What are some conceptualizations that work in mathematics but are not strictly true?

I’m having an argument with someone who thinks it’s never justified to teach something that’s not strictly correct. I disagree: often, the pedagogically most efficient way to make progress is to iteratively learn and unlearn along the way.

I’m looking for examples in mathematics (and possibly physics) where students are commonly taught something that’s not strictly true, but works, at least in some restricted manner, and is a good way to understand a concept until one gets to a more advanced stage.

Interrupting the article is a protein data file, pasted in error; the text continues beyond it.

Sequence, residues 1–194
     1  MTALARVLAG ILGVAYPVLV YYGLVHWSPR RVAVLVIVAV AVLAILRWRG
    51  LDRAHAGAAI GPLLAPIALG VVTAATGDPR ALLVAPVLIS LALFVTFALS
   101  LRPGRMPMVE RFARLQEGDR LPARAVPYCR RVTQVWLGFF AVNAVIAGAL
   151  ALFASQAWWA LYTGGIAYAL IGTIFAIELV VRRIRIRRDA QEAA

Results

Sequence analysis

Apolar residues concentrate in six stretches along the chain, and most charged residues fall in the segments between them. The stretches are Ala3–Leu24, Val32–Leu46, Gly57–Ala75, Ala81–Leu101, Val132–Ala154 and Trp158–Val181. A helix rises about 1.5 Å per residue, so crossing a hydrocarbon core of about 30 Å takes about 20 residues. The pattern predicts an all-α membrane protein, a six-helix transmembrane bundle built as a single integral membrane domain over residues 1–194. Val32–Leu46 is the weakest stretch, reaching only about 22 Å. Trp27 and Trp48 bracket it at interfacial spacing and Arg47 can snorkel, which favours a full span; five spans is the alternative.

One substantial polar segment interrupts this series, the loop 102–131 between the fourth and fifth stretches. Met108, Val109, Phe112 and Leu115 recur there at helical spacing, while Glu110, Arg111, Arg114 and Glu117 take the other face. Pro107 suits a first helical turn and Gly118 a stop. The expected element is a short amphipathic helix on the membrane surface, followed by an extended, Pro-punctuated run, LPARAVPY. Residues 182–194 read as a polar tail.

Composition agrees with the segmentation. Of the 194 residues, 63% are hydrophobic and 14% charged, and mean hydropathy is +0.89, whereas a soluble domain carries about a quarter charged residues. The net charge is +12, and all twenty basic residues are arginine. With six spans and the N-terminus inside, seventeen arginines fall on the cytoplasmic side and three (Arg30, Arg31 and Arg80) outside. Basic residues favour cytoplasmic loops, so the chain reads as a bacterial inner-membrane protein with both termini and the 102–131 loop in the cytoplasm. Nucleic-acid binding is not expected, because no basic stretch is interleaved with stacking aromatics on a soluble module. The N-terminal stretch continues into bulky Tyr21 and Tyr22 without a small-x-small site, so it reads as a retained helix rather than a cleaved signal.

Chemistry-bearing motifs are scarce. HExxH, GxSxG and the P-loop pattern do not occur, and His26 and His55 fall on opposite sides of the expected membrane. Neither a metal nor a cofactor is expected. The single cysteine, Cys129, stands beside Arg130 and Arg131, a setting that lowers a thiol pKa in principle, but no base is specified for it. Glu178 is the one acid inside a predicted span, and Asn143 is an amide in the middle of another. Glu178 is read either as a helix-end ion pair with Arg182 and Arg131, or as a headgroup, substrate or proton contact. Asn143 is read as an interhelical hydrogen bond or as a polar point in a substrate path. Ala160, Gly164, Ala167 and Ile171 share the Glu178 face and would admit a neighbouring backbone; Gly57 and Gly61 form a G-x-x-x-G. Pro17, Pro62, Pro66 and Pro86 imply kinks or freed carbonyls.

Answer

How about this notorious one I remember from high school?

f(x) is just a fancy name for y.”

Attribution
Source : Link , Question Author : MGA , Answer Author : Community

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